Though Canada day festivities were enjoyed by many residents across
North Grenville, some residents chose to celebrate differently, or not
celebrate at all, this year. The identification of the remains of 215
children in Kamloops BC, 751 children on the Cowessess First Nation
SK, and 182 children in Cranbrook BC on the grounds of former state-
funded Residential Schools has prompted a time of reckoning.
Many North Grenville residents chose to wear orange this Canada
Day. Doing so was encouraged by the Ontario Native Women's
Association as a way to "recognize and honour the thousands of
Indigenous children forcibly taken to residential school, and as a tribute
to the resiliency of residential school survivors in Canada." The orange
shirt also represents a "call to all levels of government to implement all
Truth and Reconciliation 94 Calls to Action". Eleven year old Amelia,
who was watching the Paddlers' Poker Run, told me she and her family
donned orange shirts to "show that we honour First Nations and
respect them." Another resident explained that she wore an orange
shirt because it is time to "reflect on what's been found rather than
pretend like nothing happened."
Get Cronk'd Fitness Studio in downtown Kemptville made the decision
to donate to the Legacy of Hope Foundation, an Ottawa based charity
working to promote healing and educate on the history of Residential
Schools, rather than purchase their usual Canada Day decorations.
They also held a Canada Day class, from which proceeds were
donated to Legacy of Hope.
Diane Cronk explained that, "We're still proud to be Canadian. But we
would be remiss if we waved flags and celebrated. I think this is a time
for reflection. Hope. Showing the community that we care. This is a
really small way of doing that, but I think if everyone did a little bit, it
amounts to a lot...It would show that we understand, we're listening."
She went on to say, "We can't rewrite history, or undo the wrongs. But
we can certainly help the community recognize and reflect upon all
those terrible, unforgivable things that happened." Diane, with some
surprise, also noted that following her statement about this initiative,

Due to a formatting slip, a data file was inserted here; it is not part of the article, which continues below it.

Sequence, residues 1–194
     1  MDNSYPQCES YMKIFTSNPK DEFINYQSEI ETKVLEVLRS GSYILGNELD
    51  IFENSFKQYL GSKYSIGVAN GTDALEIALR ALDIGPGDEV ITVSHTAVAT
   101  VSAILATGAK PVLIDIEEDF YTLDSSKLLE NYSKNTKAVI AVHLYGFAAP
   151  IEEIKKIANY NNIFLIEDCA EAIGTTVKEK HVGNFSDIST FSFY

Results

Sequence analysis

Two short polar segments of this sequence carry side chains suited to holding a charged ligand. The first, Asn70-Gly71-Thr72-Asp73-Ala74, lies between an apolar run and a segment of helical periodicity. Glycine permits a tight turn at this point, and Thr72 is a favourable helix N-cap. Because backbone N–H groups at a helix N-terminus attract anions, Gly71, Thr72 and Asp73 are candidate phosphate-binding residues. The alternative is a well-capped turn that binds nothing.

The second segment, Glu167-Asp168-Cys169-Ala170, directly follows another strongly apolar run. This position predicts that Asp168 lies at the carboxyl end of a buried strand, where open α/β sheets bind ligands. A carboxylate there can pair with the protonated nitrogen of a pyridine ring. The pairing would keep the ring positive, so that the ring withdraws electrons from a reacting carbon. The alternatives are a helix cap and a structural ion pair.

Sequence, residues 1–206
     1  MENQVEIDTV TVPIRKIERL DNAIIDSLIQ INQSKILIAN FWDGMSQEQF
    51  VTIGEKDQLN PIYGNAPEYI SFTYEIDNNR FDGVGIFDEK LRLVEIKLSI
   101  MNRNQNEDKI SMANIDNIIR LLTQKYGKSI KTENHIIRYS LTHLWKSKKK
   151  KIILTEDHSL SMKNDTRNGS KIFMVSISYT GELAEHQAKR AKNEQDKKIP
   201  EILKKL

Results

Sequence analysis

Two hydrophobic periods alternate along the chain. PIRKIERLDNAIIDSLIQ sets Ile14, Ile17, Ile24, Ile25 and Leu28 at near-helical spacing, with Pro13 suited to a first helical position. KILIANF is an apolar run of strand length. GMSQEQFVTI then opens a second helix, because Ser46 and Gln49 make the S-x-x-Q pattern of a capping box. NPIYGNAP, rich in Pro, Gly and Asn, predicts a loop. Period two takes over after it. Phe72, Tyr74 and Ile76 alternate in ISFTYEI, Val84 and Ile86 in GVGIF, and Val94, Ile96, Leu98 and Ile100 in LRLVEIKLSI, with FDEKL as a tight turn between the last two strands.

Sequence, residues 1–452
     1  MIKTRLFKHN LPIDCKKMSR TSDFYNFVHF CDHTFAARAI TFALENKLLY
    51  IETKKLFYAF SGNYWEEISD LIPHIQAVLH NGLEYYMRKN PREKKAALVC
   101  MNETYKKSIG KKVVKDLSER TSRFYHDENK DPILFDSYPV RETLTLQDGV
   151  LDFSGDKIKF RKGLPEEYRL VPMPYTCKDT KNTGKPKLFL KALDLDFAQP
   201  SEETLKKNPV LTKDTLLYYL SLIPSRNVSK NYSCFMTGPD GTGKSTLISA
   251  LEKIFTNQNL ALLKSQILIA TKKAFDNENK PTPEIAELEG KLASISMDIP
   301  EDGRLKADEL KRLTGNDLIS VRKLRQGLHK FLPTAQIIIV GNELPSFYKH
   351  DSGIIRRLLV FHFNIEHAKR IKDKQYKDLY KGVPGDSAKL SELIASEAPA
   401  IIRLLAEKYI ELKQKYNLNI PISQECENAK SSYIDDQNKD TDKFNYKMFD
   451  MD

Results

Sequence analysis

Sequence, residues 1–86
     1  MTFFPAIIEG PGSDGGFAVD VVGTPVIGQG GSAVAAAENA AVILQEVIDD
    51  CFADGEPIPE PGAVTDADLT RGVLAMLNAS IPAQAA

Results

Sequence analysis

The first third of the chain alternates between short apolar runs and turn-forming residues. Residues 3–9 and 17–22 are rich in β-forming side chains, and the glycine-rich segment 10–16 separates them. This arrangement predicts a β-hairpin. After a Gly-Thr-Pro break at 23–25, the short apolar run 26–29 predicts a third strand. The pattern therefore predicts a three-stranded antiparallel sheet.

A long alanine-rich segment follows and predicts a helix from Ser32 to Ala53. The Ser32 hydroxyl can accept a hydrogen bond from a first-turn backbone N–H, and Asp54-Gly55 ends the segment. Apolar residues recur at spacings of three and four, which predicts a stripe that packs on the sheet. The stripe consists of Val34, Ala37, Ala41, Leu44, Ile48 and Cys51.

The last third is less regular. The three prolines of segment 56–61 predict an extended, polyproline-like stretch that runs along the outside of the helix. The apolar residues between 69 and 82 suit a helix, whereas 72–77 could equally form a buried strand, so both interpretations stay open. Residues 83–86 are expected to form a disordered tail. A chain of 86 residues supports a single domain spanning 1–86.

the response on social media has been nothing but positive.
"Handprints of Homage", a group providing handprint kits on Canada
Day, sprung up as a way to "pay tribute to a brave generation of
children; children who were torn from their families by our own
Canadian government and individuals from religious organizations at
the time, for the simple fact that they were aboriginal." The initiative
provided children and families with non-toxic orange paint for kids to
mark their driveways or the parking lot at Riverside Park with
handprints. They are also offering ideas and suggestions for how
parents can talk to their children about Residential Schools and
Canada's colonial legacy. Acknowledging that North Grenville is built
on Algonquin soil, Handprints of Homage explain their initiative as, "a
tangible way for our kids to pay their respect and to embed the
message that the young lives lost have not been forgotten."
Flags at the Municipal Centre in Kemptville have been at half-mast in
remembrance of the Indigenous children who continue to be found in
unmarked graves at former Residential School sites across the
country. Mayor Nancy Peckford issued a statement: "Canada Day
should be one of reflection and remembrance. It's an opportunity for all
of us to thoughtfully examine what it means to be Canadian, and
understand our country's extensive Indigenous roots and the racism
that still exists today." She went on, "Learning more about Indigenous
leaders and the many cultures that now comprise this country is
For more information, visit the Ontario Native Women's Association
website at www.onwa.ca or, like Get Cronk'd, consider donating to the
Legacy of Hope Foundation at www.legacyofhope.ca
If you or a member of your family is a survivor of a residential school,
you can call the National Indian Residential School Crisis Line at 1-
866-925-4419 for support.
Rachel Everett-Fry, Local Journalism Initiative Reporter, The North Grenville Times